While promising transparency Mayor, Town staff get media ‘coaching’ for Caledon blasting quarry controversy
Amid concerns of a lack of transparency from residents on the status of a massive 800-acre blasting quarry application in Cataract, freedom of information documents reveal Mayor Annette Groves and select Town of Caledon staff were given media “coaching” from a strategic communications firm.
An email dated April 12th from Catherine McLean, Director of Community Services, to Antonietta Minichillo, Chief Planner and Director of Planning; Stacey Abbott, Corporate Communications Manager; Stephanie McVittie, Manager of Development and Design; and Steven Burke, Senior planner, explained the next steps for the town as it moved forward with an application from Canada Building Materials (CBM) which is seeking approval for a massive quarry project in the town. One of the steps was to prepare for an April 18th meeting held by the Forks of the Credit Preservation Group (FCPG), which Mayor Groves and staff had agreed to attend to present information and respond to concerns from the community on the Town’s stance on the application.
“Redbrick to provide coaching to Mayor and staff; Planning to do a brief presentation,” the email states.
According to its website, Redbrick is a strategic communications firm that provides “counsel” to a wide variety of public and private sector clients. Its clients include the Credit Valley Conservation Authority, Chartered Professional Accountants, Associations of Municipalities of Ontario (AMO), and many Ontario municipalities including Barrie, Cambridge, London, Mississauga, Waterloo and the Region of Peel.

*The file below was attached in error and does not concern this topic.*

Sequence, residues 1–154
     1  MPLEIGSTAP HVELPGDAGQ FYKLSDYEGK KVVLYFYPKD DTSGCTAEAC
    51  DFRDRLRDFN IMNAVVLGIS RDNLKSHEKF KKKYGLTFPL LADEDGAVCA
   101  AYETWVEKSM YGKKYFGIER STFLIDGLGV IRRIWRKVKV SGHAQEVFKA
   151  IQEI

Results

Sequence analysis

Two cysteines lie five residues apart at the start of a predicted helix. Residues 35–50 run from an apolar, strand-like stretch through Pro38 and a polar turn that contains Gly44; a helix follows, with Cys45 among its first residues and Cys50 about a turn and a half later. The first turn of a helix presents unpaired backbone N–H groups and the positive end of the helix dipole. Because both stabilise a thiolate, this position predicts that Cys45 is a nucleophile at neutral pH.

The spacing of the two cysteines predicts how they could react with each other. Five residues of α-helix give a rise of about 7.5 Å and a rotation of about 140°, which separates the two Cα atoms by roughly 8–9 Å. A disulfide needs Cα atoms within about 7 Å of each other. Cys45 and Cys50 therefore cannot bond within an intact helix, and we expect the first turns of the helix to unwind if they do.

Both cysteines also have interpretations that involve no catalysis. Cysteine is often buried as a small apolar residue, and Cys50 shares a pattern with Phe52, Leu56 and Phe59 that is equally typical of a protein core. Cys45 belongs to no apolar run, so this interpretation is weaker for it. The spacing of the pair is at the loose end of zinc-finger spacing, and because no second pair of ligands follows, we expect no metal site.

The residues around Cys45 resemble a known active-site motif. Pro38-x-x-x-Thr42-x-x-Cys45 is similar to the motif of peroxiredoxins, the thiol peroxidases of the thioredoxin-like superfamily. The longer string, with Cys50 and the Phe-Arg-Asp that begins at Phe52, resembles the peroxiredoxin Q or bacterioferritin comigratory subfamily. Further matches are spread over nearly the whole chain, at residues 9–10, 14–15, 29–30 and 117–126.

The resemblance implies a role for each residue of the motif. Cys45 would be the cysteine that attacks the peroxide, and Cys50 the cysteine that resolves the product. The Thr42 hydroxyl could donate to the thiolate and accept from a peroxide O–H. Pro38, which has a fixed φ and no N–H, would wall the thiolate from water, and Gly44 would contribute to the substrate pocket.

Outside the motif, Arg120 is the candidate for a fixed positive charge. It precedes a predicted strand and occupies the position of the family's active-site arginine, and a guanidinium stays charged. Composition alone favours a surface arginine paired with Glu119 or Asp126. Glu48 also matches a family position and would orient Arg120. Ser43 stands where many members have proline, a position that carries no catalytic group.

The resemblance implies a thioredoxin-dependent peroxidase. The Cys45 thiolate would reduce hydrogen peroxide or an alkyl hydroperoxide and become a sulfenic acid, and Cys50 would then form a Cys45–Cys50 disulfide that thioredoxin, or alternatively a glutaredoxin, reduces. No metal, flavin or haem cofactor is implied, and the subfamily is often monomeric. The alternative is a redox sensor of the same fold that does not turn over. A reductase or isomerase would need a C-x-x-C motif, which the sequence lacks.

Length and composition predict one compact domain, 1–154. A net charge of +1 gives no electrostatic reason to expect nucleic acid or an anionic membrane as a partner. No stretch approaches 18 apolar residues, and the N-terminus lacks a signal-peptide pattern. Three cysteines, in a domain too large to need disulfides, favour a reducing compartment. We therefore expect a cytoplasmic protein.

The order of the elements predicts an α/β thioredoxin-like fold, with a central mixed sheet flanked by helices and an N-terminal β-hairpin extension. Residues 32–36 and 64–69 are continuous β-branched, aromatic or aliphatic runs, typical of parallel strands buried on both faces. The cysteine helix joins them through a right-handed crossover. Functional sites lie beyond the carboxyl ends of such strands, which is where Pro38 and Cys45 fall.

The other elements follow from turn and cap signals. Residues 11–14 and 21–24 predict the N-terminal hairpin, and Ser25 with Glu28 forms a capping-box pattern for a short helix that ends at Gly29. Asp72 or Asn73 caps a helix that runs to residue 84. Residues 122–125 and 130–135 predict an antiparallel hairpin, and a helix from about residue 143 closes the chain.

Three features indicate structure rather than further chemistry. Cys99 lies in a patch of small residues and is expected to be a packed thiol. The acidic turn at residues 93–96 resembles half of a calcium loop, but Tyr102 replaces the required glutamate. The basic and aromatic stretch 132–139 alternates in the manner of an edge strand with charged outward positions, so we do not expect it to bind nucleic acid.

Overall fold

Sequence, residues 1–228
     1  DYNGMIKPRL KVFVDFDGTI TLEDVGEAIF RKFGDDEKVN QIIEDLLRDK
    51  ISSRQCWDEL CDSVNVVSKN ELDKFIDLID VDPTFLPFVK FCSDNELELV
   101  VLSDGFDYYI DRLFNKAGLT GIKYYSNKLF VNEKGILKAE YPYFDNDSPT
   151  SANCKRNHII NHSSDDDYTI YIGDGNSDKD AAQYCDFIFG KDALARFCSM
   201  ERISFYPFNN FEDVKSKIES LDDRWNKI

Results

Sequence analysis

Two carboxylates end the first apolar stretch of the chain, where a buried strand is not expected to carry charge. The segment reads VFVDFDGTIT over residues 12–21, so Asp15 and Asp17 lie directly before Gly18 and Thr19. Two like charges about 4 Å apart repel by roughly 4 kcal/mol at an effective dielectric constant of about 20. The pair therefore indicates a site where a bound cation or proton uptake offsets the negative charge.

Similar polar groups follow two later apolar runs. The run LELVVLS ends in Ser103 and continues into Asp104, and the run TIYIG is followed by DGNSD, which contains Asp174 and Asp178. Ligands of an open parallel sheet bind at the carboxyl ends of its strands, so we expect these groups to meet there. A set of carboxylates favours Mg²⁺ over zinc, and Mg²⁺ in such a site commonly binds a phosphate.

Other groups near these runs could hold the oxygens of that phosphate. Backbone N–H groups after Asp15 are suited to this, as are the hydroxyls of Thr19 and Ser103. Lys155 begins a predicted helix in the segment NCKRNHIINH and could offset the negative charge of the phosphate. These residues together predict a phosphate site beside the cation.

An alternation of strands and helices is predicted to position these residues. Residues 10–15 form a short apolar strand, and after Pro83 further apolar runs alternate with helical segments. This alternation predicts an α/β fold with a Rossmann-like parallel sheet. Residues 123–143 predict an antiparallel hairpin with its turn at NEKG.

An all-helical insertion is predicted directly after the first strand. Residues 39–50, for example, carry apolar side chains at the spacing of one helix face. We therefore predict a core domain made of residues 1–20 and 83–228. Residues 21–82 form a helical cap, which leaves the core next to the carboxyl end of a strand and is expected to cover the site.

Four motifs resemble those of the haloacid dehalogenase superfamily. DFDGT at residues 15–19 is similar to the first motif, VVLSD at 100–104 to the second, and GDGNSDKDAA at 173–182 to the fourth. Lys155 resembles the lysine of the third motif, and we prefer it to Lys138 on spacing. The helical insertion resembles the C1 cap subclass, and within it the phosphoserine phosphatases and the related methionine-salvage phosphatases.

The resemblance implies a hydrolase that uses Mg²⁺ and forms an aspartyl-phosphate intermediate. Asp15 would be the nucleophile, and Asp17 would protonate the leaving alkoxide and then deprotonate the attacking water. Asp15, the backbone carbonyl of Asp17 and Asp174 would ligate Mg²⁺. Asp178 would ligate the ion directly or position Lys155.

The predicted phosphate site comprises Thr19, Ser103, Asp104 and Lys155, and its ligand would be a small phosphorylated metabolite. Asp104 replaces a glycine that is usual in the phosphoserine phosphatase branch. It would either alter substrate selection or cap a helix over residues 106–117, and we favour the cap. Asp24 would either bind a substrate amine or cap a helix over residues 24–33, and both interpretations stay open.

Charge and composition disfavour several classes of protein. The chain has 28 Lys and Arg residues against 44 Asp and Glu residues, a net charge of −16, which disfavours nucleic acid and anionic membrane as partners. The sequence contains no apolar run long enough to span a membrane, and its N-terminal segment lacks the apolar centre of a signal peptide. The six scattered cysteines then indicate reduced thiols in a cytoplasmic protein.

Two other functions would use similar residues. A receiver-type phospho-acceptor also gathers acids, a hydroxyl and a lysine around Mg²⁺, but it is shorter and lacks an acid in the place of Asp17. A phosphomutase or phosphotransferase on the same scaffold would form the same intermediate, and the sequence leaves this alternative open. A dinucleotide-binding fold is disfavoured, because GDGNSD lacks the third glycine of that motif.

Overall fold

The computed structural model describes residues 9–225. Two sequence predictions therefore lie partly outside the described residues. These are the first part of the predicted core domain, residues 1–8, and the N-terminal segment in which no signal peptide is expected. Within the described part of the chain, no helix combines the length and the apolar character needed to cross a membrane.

“Elected officials are expected to communicate well, often on complicated issues. When talking about topics that are important to their communities, it is standard practice to prepare in advance,” Andrea Montgomery, Vice President of Redbrick, told The Pointer in an email statement. “Our work involves helping elected officials to anticipate possible questions so that they can deliver accurate, plain language information.”
It is not uncommon for elected officials to undergo media training, especially when they are new to speaking publicly about sensitive and oftentimes controversial topics. However, the timing of Redbrick’s hiring for messaging and communications surrounding the blasting quarry raises a number of red flags for residents who have already dealt with numerous complaints about the less-than-transparent nature of the Town’s handling of the application.
The Town received the application from CBM, a subsidiary of the Brazilian company Votorantim Cimentos, in December 2022. It was deemed complete, meaning all of the necessary studies and data were present, on March 23. A formal notice of the application was delivered to residents living within a 120-kilometre radius of the site on March 28.
But while residents were informed of the application following proper procedure as set out in the Planning Act, many felt blindsided by a council elected to serve the interests of local residents. It was later revealed in an email obtained by The Pointer, sent by Mayor Groves on March 26, that she herself was not informed by Town staff about the complete application, and only learned about it through the media.
“This further creates a lack of trust between us and the public,” she wrote to Minichillo. “I made a commitment to the residents that everything will be done above board and they would be kept in the loop and finding out about this by reading it in the local paper creates even more distrust and lack of transparency.”